Lytton Band of Pomo Indians
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The Lytton Band of Pomo Indians is a federally recognized tribe of Pomo Native Americans. They were recognized in the late 1980s as lineal descendants of the two families who lived at the Lytton Rancheria in Healdsburg, California from 1937 to about 1960. The tribe now has between 200 and 300 enrolled members.
The tribe was founded in 1937 by Bert Steele, who was one-quarter Achomawi and part Nomlaki, and his wife, a Pomo from Bodega Bay, when they successfully petitioned the U.S. Office of Indian Affairs for the right to build on a 50-acre (200,000 m2) plot north of Healdsburg north of Lytton Station Road after Steele's home was destroyed in a flood. Along with his brother-in-law, John Myers, and his wife, Mary Myers Steele (both Pomo from Sonoma), he moved onto the land, which the government had set aside for Native Americans. This land became the Lytton Rancheria and the namesake for the tribe.
In 1958, in accordance with a policy of assimilating Native Americans into the rest of American society, Congress terminated the federal trust in the reservations lands of over forty California bands, including the Lytton Rancheria. The Lytton band was dissolved and its land was deeded to its members. As part of the agreement, the government agreed to perform several improvements on the land, such as building roads and installing sewage service, but failed to do so. Within a year, the land-owning Lyttons had all sold, for reasons that are not clear; some current tribe members say that their ancestors did not understand property taxes and so were forced to sell, while other sources dispute that claim.
In 1991 the Lyttons successfully petitioned the government to restore their tribal status. Though the Lytton Band does not divulge a complete list of members, most sources report the band now has over 200 members.
Acquisition of Casino San Pablo cardroom
After the community of American Canyon rebuffed the Lyttons' attempts to turn an existing cardroom into a casino, the Lyttons set their sights on the city of San Pablo, home of the Casino San Pablo (CSP) cardroom. Cardrooms are California gambling establishments where the house has no stake in the games. Customers typically pay a fixed amount to the house per hand, regardless of whether they win or lose.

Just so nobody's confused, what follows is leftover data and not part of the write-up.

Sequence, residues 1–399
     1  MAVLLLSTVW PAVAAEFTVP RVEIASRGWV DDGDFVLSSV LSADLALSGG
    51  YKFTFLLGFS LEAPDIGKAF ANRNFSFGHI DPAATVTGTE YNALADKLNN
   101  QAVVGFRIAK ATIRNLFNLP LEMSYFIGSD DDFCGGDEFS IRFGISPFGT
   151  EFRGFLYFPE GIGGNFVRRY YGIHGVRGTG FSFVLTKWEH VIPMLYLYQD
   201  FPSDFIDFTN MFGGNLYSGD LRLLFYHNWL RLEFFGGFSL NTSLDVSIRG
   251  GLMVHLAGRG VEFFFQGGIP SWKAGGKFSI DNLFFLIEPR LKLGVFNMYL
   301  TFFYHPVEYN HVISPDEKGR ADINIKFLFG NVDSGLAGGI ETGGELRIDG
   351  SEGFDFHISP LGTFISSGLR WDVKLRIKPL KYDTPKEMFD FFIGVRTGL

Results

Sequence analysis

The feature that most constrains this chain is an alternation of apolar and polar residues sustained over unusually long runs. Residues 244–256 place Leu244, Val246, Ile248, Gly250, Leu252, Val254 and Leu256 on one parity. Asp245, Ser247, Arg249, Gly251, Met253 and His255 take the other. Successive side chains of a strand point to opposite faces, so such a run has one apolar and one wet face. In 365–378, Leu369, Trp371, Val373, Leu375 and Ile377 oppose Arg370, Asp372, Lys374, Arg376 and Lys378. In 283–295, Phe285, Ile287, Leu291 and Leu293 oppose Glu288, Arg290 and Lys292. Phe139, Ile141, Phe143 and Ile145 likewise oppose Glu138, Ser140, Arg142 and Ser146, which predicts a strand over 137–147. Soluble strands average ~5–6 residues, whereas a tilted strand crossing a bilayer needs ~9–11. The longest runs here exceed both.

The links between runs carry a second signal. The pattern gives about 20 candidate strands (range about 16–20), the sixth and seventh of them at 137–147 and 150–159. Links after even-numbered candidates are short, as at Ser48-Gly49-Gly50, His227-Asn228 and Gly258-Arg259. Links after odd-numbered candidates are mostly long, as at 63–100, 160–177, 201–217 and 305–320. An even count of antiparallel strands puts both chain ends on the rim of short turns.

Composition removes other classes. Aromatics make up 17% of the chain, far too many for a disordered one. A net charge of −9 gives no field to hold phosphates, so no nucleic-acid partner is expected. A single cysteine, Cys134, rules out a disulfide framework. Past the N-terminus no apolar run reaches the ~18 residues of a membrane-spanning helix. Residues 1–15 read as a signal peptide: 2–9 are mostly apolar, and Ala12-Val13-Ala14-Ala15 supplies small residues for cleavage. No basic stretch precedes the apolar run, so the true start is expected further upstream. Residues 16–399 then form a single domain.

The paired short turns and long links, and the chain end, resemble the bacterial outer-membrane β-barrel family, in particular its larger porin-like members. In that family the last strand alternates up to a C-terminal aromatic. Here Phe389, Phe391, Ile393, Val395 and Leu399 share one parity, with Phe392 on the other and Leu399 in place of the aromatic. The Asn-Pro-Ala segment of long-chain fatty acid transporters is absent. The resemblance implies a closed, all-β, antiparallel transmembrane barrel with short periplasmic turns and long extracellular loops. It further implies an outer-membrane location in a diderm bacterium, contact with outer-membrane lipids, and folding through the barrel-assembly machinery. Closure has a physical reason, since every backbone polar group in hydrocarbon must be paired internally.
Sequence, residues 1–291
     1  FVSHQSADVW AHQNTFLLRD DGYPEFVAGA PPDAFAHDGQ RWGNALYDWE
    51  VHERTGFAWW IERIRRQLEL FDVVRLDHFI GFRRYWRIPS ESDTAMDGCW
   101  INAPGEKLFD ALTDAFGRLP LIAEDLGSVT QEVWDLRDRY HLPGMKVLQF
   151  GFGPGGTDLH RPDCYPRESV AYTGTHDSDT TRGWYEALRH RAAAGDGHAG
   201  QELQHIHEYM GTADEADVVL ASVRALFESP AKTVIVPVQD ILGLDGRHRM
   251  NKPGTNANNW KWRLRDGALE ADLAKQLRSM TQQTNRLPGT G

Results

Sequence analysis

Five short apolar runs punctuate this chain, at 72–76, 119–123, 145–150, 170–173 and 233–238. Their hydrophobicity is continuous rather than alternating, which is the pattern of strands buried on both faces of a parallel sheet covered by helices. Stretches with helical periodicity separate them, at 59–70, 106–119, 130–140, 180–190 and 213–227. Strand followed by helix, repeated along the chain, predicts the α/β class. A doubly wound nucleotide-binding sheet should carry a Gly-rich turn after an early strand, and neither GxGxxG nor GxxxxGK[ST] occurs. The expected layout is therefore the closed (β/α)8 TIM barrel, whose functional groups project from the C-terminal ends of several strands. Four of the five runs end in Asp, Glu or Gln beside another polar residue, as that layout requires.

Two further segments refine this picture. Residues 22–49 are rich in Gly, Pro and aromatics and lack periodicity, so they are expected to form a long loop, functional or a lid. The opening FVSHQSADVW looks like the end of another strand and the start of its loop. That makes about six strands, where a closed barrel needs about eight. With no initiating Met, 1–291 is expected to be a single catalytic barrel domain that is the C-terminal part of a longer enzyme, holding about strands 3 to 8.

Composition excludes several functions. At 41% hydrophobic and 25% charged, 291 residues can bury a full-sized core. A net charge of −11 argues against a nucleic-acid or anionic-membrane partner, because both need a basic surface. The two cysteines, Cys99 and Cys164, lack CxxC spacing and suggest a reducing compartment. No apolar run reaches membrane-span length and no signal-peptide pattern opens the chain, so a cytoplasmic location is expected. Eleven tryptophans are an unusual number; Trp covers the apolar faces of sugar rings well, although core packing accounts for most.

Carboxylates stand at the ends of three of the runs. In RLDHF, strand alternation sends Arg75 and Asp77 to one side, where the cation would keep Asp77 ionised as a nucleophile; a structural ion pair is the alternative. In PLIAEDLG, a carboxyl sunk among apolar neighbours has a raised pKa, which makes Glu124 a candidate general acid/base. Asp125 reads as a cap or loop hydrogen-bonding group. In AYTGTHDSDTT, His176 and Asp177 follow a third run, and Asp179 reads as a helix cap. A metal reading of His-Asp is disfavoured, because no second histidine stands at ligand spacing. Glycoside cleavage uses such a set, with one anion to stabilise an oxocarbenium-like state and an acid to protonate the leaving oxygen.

With the assistance of the city of San Pablo and the Hotel Employees and Restaurant Employees Union, the Lyttons lobbied local Congressman George Miller to help turn Casino San Pablo into their reservation. Under the terms of the Indian Gaming Regulatory Act, only tribes who acquired land prior to 1988 would be eligible to operatore casinos on their land. The Lyttons regained their tribal status in 1991 and were ineligible. Miller added a provision to the Omnibus Indian Advancement Act of 2000 that took CSP into federal trust and backdated its acquisition to 1988. When President Clinton signed the bill into law, the Lyttons gained the right to turn the CSP, formerly a low-stakes cardroom, into a full-fledged casino with much more profitable gambling devices and games such as slot machines and blackjack.
Miller's backdating clause, in a section labeled "technical corrections," has been described as "midnight legislation" and "underhanded". Professor Nelson Rose, a gambling law expert from Whittier College, said the bill "bordered on illegal". Others dispute that the language was added inappropriately; a former staffer for U.S. Senator Daniel Inouye described the process as nothing out of the ordinary, saying, "That's the way the republic works".
Casino expansion plans
The Lyttons' plans for their casino have undergone several changes since inception. In order to operate so-called Class III games, such as slot machines, Native American casinos must negotiate a compact with the state; the Lyttons have revised their casino plans several times in the hopes of procuring such a compact from California. One element of the plan has been the Lyttons' request that the state grant them a monopoly on gaming within a 35-mile (56 km) radius of CSP.
After acquiring Casino San Pablo, the Lyttons announced plans to expand it from 70,000 square feet (6,500 m2) into a 600,000-square-foot (56,000 m2) six- to eight-story casino with up to 5,000 slot machines, bigger than the MGM Grand casino in Las Vegas, Nevada.
The plan met with bipartisan hostility from the California State Legislature, and the Lyttons revised the figure to 2,500 slots. After failing to procure a compact based on this plan either, the Lyttons instead added 500 "video bingo" machines to CSP, which, as Class II machines, do not require a state compact.
Public reaction and response
Some people have oppose the Lytton Band's casino plan. U.S. Senator Dianne Feinstein (D-CA) in particular expressed opposition in 2003, citing concerns that "off-reservation gambling" would be a strain on local resources, aggravate traffic congestion and increase crime. The mayor of San Pablo expressed shock at the plan in 2004. California Assemblywoman Loni Hancock and mayor of neighboring Richmond also expressed displeasure at the plan, as did U.S. Senator John McCain (R-AZ) in April, 2005 .
Tribal spokespeople countered in 2005 that the casino is "the final act in redressing the wrongs", the reparations for the government's dissolution of their tribe's legal status and reservation lands. They say they will plan to use revenue from the casino to built modest homes, a community center, and a roundhouse, on 50 acres (200,000 m2) in the town of Windsor that they recently purchased. In addition, they say the casino would create 6600 jobs—more than one job per slot machine—and provide the city, county and state governments with 25 percent of gaming revenue. Based on the original, 5,000-machine plan, this amounts to $125 million a year to the state and $4.8 million a year to the city of San Pablo.